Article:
Austin City Limits Festival turned 18 this year. Expanded to take place on 2 consecutive weekends since 2013, the festival is held in Zilker Park in Austin, Texas. The location - on the south side of "Town Lake" and the eastern end of Barton Springs Rd - feels just far enough from the downtown core that it has a distinct sense of place, but still close enough to ride a bike or scooter, take a pedicab, catch a bus or just walk to the venue (and to hear the music once you're back across the river). The expanse of the park is fully utilized: 8 stages are spread out with set timings staggered to minimize crossover noise between them.
In temperatures well above 90 degrees, Weekend 1 of ACL Festival took place on October 4-6. The talent this year spanned an amazing range of artists. Headliners are booked to draw fans, of course, but I always feel that the lower lines of the festival poster are where the event as a whole makes a name for itself. Look beyond the biggest names: How will you spend your day as a festival goer?
The first part of that answer for ACL is with some great local/regional acts. Asleep At The Wheel performed, as they have at every single ACL (the only act to do so); Ray Benson and his band set a tone that feels uniquely Austin starting day one with "Miles and Miles of Texas". Similarly, Alesia Lani delivered a terrific early hip hop set showcasing some of the best of what the Austin hip hop scene is up to. Black Pistol Fire are a freight train of a duo, careening through their set with ferocious guitar and drums.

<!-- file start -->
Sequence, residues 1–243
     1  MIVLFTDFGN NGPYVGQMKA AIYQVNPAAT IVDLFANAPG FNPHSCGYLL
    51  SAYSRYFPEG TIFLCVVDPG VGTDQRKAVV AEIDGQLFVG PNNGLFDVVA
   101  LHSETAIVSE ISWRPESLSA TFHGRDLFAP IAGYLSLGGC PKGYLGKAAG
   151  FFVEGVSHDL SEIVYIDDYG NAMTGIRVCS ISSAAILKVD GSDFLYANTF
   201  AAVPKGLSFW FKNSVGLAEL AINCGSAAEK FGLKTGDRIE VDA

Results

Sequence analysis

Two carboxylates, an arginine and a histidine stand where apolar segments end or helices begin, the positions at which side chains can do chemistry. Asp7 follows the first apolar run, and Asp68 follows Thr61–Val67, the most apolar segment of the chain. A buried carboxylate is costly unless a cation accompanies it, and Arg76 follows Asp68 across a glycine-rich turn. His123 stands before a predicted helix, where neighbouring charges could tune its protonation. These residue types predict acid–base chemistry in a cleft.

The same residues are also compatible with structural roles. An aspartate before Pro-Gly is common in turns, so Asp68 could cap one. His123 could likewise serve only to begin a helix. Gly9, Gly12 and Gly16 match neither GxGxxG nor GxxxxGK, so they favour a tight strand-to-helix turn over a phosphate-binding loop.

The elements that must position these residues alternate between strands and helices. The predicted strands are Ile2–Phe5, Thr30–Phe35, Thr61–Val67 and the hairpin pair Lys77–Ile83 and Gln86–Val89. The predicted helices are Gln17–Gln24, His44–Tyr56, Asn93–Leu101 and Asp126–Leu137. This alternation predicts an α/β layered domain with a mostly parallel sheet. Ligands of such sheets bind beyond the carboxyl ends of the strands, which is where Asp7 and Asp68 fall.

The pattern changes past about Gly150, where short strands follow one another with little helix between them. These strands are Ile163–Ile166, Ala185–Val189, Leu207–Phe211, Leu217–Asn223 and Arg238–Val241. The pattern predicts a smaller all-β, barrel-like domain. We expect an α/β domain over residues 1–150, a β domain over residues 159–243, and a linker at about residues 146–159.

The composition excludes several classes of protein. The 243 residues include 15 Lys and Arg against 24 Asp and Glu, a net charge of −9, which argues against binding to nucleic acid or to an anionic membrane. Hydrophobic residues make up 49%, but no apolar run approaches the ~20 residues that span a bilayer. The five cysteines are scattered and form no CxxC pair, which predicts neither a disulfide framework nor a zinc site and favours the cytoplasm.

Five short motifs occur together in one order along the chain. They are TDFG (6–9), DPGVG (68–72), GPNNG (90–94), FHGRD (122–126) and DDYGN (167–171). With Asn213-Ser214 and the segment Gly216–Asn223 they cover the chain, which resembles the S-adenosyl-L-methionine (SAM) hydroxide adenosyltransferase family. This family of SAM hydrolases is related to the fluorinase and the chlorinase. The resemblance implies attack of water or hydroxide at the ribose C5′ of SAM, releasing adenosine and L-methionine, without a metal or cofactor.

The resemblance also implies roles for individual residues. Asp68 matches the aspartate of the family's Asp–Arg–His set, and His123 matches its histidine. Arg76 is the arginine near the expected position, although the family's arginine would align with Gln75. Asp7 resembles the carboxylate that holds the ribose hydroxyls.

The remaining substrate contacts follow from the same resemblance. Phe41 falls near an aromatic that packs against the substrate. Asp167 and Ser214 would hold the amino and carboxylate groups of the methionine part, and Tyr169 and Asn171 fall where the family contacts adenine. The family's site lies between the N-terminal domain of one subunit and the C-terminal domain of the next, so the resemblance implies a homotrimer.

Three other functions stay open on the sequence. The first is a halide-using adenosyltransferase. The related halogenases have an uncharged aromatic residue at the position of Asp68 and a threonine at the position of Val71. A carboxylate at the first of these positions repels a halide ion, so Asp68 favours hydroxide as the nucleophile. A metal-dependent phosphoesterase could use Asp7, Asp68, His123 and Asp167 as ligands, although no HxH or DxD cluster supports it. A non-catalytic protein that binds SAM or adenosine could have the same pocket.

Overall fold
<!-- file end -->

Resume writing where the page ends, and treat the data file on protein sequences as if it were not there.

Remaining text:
ACL also regularly brings in talent who may be specific to certain audiences but draw fervent fans and deliver a great show. 2 very different examples: Oliver Tree, presenting himself as his absurdist persona "Turbo", played in the Tito's tent and drew a massive audience for his bowl-cut-and-members-only-jacket goofy-radical hip hop pop. For the folks there to see him, it was clearly an ecstatic experience. Similarly, Weyes Blood performed on the BMI stage. In general, the BMI stage has been a reliable source of great acts over the years - Khruangbin, the Wood Brothers and Valerie June have all played there - and Weyes Blood's graceful poignancy delighted a great many people in the afternoon sun and added to the roster of deep talent who've played there.
Another pivot to consider: Who's booked later in the day on the secondary stages, or early in the day on the main stages? The list is impressive. IDLES performance won them numerous new fans, not just for their songs and performances but also due to both guitarists making trips down into the crowd and the ardent encouragement to care for one another from lead singer Joe Talbot. FIDLAR gave absolutely everything to their performance on the opposite main stage with intense songs before a rapturous audience.